Space opera

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For other meanings of this term see Space Opera (disambiguation).

Space opera is a subgenre of speculative fiction or science fiction that emphasizes romantic adventure, interstellar travel, and space battles where the main storyline is centered around interstellar conflict and character drama.


"Space opera" was originally a derogatory term, a variant of "horse opera" and "soap opera". Wilson Tucker suggested the term in 1941. It meant an action-oriented tale of space adventure instead of "respectable" science fiction story that concentrated on effects of technological progress and inventions. However there is no sharp dividing line and many authors manage to combine the space adventure and the supposedly 'respectable' elements, ensuring that the best written space opera is represented among the best of science fiction generally.

Originators of the first space opera stories were E. E. Smith, with his Skylark and Lensman series; Edmond Hamilton; Jack Williamson; John W. Campbell; and later Leigh Brackett and A.E. van Vogt.

In recent years, a resurgence in space opera has resulted in what some consider to be a sub-subgenre often called "new space opera." Typically, new space opera combines the interstellar scale and grandeur of traditional space opera with elements of hard science fiction. New space opera is therefore scientifically rigorous while ambitious in scope.

Among the practitioners of the new space opera are Dan Simmons, John Varley, David Brin, Iain Banks, John Clute, Charles Stross, J. Michael Straczynski, Peter F. Hamilton, Lois McMaster Bujold, M. John Harrison, David Weber, Ken MacLeod, Alastair Reynolds, and C. J. Cherryh.

Anime has now become one of space opera's main television contributors. Series such as Cowboy Bebop, the Gundam series, Dirty Pair (Original and Flash), Crest of the Stars, Legend of Galactic Heroes, the Five Star Stories and Martian Successor Nadesico are increasing in popularity and to a certain extent influence the genre.

Space opera forms a central part of the belief system of Scientology, whose founder L. Ron Hubbard was originally a pulp science fiction writer. The story of Xenu illustrates space opera themes in Scientology, which regards science fictional space opera as being an unconscious recollection of real events which occurred in the distant past. For a more detailed overview, see Space opera in Scientology doctrine.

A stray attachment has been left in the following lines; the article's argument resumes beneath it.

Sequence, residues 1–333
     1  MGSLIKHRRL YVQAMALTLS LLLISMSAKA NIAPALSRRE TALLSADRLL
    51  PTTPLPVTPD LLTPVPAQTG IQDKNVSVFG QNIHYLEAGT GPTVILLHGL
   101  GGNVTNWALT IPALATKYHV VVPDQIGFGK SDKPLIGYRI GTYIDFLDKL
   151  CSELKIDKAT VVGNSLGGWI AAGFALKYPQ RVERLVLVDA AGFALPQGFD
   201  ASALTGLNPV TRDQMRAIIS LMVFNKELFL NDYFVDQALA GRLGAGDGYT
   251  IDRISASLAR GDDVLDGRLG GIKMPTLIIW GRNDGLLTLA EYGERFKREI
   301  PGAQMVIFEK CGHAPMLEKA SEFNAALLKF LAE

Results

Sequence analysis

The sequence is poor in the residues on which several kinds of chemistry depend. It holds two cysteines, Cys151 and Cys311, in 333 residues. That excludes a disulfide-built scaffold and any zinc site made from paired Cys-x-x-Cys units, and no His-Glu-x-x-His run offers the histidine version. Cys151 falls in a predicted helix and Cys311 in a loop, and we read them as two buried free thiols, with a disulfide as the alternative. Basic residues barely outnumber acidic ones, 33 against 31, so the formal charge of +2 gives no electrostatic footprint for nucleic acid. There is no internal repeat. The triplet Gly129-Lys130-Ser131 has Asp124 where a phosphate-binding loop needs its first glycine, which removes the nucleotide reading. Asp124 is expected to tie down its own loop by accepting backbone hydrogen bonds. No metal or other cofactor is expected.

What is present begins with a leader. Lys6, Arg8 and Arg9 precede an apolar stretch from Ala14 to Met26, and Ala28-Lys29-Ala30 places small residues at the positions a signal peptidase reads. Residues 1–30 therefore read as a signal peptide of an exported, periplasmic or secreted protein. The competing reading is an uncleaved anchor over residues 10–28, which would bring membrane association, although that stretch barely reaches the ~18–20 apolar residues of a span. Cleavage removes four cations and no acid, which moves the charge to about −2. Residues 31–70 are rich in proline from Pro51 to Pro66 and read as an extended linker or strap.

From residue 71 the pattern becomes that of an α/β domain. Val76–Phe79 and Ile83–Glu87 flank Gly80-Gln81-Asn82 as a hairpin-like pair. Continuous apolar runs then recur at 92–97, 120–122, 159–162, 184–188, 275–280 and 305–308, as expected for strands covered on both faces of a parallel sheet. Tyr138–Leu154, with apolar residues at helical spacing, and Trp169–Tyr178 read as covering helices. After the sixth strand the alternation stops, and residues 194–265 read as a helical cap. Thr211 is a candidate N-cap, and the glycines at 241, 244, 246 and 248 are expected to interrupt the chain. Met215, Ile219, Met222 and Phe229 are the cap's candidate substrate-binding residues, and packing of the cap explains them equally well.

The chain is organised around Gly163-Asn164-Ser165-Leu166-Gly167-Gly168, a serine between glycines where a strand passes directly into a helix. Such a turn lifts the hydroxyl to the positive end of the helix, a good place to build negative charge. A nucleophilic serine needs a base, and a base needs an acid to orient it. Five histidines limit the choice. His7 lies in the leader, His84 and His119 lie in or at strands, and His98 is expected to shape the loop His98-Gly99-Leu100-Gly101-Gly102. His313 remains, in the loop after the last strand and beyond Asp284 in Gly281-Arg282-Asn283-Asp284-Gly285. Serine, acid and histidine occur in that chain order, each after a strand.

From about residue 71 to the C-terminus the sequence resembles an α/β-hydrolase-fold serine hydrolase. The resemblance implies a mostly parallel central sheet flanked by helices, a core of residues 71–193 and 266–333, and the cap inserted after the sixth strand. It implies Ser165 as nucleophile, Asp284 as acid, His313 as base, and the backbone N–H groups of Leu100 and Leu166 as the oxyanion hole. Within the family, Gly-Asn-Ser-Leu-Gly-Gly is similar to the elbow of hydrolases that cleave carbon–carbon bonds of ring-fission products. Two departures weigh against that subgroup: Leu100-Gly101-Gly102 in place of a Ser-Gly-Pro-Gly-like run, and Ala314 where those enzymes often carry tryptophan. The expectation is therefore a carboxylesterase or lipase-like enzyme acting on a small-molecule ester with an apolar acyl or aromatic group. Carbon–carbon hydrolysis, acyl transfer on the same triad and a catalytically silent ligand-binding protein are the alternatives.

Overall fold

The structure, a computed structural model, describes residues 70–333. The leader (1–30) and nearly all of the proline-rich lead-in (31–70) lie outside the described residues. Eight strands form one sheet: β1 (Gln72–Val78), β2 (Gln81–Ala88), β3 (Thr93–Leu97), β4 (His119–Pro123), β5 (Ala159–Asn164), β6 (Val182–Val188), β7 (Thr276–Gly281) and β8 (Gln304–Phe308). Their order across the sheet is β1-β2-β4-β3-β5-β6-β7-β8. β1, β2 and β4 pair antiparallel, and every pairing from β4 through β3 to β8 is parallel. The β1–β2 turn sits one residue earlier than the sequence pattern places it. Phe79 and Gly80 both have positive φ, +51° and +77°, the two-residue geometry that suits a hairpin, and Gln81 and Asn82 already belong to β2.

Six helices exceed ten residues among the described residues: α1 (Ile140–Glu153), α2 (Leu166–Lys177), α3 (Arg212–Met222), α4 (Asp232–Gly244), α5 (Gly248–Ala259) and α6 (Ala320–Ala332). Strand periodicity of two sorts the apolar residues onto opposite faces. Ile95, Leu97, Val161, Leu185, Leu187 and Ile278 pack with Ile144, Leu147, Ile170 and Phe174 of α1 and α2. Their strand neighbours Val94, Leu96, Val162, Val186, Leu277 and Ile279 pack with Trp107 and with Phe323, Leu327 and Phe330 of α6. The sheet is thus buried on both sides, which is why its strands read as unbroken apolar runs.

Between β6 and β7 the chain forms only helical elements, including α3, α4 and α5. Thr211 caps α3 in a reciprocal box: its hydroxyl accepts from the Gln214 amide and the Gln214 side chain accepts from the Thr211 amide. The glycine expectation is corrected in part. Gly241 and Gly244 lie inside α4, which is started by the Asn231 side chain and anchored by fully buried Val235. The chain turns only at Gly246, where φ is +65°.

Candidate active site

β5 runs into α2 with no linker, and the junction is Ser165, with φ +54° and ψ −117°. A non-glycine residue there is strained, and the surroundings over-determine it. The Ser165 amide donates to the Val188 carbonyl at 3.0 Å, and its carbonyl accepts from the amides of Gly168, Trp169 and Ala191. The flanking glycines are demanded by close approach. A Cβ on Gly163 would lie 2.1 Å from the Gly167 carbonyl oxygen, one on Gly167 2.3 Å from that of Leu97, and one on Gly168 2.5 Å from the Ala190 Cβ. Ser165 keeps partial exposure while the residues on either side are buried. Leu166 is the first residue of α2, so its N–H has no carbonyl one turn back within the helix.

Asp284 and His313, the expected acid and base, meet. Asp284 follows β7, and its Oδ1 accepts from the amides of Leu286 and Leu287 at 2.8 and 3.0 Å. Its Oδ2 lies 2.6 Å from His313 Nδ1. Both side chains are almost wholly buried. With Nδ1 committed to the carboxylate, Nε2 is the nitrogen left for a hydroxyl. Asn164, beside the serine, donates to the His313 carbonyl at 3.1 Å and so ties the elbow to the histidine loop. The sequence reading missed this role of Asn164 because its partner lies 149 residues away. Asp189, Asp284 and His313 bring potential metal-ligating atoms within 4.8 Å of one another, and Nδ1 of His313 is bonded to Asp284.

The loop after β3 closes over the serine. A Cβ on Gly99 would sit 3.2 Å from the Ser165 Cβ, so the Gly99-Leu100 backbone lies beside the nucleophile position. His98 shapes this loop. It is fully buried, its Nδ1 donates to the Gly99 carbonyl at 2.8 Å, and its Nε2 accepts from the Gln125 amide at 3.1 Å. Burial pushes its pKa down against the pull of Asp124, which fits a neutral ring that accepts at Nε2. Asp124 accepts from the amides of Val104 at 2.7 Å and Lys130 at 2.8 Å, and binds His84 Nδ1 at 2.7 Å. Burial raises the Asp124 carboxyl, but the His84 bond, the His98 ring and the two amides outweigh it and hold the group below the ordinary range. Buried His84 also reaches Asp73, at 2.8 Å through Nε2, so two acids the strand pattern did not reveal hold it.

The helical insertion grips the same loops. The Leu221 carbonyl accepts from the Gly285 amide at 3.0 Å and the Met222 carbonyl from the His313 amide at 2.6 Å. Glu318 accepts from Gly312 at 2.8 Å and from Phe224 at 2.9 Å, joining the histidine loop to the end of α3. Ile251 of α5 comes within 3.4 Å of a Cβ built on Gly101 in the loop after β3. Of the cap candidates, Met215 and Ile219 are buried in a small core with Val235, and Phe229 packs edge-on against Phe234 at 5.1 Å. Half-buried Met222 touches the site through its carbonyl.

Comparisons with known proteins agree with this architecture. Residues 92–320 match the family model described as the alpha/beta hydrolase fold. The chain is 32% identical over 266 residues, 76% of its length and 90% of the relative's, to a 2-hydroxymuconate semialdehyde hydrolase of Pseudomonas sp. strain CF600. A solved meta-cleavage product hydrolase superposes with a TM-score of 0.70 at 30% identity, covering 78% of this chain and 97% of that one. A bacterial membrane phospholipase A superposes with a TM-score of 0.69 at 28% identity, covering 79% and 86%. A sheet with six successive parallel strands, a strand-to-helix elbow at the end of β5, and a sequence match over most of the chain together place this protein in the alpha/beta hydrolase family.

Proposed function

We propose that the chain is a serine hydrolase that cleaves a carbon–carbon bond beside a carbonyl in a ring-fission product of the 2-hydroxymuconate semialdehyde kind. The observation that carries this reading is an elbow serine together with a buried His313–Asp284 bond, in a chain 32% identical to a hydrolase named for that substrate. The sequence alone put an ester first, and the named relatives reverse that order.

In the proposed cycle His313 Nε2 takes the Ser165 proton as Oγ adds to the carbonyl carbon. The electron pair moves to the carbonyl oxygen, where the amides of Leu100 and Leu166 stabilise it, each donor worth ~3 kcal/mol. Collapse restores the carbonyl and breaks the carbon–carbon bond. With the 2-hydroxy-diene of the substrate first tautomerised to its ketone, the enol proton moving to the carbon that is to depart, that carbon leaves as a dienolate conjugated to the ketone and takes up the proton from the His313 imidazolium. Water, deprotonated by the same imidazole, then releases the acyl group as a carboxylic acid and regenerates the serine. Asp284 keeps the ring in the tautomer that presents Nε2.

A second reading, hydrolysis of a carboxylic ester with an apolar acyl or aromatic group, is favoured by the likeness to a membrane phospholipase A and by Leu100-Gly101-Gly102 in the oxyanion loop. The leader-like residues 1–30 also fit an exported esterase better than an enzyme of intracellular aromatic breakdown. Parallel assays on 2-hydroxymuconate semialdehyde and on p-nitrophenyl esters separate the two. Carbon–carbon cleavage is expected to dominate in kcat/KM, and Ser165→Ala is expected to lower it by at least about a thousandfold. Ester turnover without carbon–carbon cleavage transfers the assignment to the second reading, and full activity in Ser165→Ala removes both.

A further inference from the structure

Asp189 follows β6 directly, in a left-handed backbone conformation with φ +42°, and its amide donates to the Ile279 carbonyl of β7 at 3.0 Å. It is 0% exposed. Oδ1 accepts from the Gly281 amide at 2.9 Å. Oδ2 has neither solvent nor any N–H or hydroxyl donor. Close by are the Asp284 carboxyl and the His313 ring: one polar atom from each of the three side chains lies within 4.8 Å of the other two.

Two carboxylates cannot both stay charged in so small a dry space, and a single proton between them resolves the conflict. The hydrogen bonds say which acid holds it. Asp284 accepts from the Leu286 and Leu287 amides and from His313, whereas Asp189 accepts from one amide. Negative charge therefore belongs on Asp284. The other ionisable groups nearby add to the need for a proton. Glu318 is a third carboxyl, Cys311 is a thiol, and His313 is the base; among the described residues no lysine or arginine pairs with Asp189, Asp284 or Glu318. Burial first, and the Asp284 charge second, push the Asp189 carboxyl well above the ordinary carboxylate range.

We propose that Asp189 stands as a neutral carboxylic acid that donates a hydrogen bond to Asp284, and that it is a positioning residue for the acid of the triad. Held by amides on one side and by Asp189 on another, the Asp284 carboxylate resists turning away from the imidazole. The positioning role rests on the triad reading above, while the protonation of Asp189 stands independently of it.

The scientific veracity of various backgrounds varies tremendously. In some cases, the only violation of the known laws of physics is the faster-than-light travel. Although this can be seen itself as very divergent from reality, at the other end of the scale, stories tend to be even less realistic. Some protagonists use various mystical powers and are able to destroy whole planets and alien species. Star Wars, with its Death Star and "Force" lies close to the original pulp science fiction.

Character development and description varies as well. Lois McMaster Bujold and Iain M. Banks write about very human conflicts. Some critics and fans, however, deny the use of the term space opera for a work with well-developed characterization. Both sides of this debate have been expounded at length in the Usenet forum rec.arts.sf.written.

A popular subset of space opera stories concentrates on large-scale space battles with futuristic weapons. Some of them take their military tone and weapon system technology very seriously. See military science fiction.

Many science fiction writers use variants of space opera background with less military fervor and planet-busting xenophobia. At one extreme, the genre is a speculation about future war in space or effects of war on humans; at the other it consists of the use of non-science fiction plots in a superficially SF background.

Many of the TV science fiction series from Battlestar Galactica to Star Trek are variants of space opera. Harry Harrison and Douglas Adams parody space opera clichés. Fritz Leiber's The Wanderer tells a story about a situation when Earth sees one episode of interstellar conflict. Others, like Samuel R. Delany in Nova, refer to mythological concepts.

In his 1965 story Space Opera, Jack Vance parodied the genre by writing about an interstellar operatic company which brought culture to deprived worlds.

Sample space opera backgrounds


Comic Strips




Role playing games:

Board games:

  • Full Thrust, a popular 2D space battle simulation board (and miniatures) game
  • Hard Vacuum, a board/miniatures game of WWII space combat in an alternate universe where the Allies and Axis have both achieved space flight

Computer games:

Console games:


See also


zh-min-nan:Thài-khong-ke̍k cs:Space opera de:Space Opera es:Space opera fr:Space opera it:Space opera lt:Kosminė opera ja:スペースオペラ pl:Space opera sv:Rymdopera